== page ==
11/19/2013 04:01 EST | Updated 01/25/2014 04:01 EST

Crude oil posts small gain as traders await US supply data, economic indicators

The price of oil rose slightly Tuesday as traders waited for new clues on U.S. economic strength and the amount of oil and gasoline in supply.

Benchmark West Texas Intermediate crude for December delivery gained 31 cents to close at US$93.34 a barrel on the New York Mercantile Exchange.

Oil has traded between US$93 and US$96 a barrel for more than two weeks and is down from nearly US$110 a barrel in early October due to ample supplies and tepid demand.

Brent crude for January delivery, the benchmark for an international variety of crude, dropped $1.55 to US$106.92 a barrel on the ICE Futures exchange in London.

U.S. retail sales due Wednesday might halt oil's recent slide if the figures show increased demand for gasoline.

Iran, meanwhile, will resume talks this week in Geneva with the U.S., Britain, France, Russia, China and Germany aimed at resolving a decade-long standoff over Iran's nuclear program.

The powers are offering a gradual rollback of sanctions that have crippled Iran's economy, raising concerns of an influx of Iranian oil into world markets at a time of already abundant supplies.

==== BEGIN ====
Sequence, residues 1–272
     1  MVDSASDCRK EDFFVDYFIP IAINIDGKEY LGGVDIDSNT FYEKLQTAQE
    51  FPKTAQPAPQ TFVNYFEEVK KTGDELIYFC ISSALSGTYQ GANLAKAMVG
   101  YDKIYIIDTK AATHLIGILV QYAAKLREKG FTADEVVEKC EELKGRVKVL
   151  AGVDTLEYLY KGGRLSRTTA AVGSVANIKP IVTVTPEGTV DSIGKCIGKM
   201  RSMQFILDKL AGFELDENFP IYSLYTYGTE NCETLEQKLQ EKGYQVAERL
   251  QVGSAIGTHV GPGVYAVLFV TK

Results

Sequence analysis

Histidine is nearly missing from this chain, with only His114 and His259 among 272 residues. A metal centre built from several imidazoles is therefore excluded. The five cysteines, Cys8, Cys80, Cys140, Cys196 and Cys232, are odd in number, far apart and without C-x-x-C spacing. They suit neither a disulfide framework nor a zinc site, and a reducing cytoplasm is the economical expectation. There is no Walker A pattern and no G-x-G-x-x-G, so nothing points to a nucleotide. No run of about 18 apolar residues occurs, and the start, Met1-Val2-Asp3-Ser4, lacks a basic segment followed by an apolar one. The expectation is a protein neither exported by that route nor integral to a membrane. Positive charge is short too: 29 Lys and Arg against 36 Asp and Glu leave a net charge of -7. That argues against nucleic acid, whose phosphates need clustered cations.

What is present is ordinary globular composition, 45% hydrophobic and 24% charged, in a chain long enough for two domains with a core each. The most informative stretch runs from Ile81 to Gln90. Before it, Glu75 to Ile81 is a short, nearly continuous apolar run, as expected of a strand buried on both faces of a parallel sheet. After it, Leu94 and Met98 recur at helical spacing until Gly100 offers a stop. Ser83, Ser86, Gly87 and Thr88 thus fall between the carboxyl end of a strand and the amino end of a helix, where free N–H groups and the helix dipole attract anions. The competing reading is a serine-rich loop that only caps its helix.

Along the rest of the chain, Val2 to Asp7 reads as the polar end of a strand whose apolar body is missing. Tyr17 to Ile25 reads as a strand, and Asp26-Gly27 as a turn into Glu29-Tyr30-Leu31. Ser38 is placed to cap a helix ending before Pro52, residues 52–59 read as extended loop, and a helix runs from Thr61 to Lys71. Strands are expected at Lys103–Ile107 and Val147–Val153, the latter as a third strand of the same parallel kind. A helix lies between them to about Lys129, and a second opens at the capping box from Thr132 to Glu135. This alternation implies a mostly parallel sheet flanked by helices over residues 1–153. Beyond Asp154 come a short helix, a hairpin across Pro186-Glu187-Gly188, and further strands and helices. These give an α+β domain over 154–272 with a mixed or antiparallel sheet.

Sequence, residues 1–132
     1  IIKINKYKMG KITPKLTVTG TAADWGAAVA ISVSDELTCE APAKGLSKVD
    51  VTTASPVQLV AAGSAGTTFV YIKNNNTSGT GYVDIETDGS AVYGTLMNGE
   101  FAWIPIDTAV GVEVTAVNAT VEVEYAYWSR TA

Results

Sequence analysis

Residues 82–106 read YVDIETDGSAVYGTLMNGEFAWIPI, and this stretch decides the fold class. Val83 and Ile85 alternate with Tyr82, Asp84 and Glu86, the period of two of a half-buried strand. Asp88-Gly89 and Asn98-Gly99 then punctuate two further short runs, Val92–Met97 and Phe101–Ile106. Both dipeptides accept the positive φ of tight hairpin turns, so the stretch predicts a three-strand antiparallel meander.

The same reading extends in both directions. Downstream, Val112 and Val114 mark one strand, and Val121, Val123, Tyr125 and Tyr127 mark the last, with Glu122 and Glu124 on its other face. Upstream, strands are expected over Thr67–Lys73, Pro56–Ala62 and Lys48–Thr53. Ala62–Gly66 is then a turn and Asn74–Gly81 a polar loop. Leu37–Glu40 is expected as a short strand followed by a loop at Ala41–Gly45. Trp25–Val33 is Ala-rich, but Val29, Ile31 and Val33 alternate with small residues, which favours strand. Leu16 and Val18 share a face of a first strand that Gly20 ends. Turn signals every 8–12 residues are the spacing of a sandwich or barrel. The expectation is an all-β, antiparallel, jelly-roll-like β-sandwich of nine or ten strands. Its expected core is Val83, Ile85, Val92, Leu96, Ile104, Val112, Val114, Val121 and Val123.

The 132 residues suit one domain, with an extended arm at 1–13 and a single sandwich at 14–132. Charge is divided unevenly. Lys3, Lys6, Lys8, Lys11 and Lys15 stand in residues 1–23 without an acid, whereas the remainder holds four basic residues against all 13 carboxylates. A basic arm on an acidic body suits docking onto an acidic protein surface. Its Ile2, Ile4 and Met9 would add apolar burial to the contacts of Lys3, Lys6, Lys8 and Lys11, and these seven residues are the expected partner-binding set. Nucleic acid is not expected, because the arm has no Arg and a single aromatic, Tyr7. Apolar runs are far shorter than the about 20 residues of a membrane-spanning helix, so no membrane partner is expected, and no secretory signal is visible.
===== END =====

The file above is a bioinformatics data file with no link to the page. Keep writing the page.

Fresh information on U.S. stockpiles of crude oil and refined products will be released Wednesday morning.

Data for the week ended Nov. 15 is expected to show declines of 500,000 barrels in crude oil stocks and 150,000 barrels in gasoline stocks, according to a survey of analysts by Platts, the energy information arm of McGraw-Hill Cos.

If confirmed, the fall in crude oil supplies would be the first in nearly two months. On Nov. 8, crude supplies were 13 per cent above their five-year average. Gasoline stocks, however, have fallen for five weeks in a row.

In other energy futures trading on Nymex, wholesale gasoline slipped two cents to US$2.64 a U.S. gallon (3.79 litres), heating oil fell two cents to US$2.91 a gallon and natural gas lost six cents to $3.56 per 1,000 cubic feet.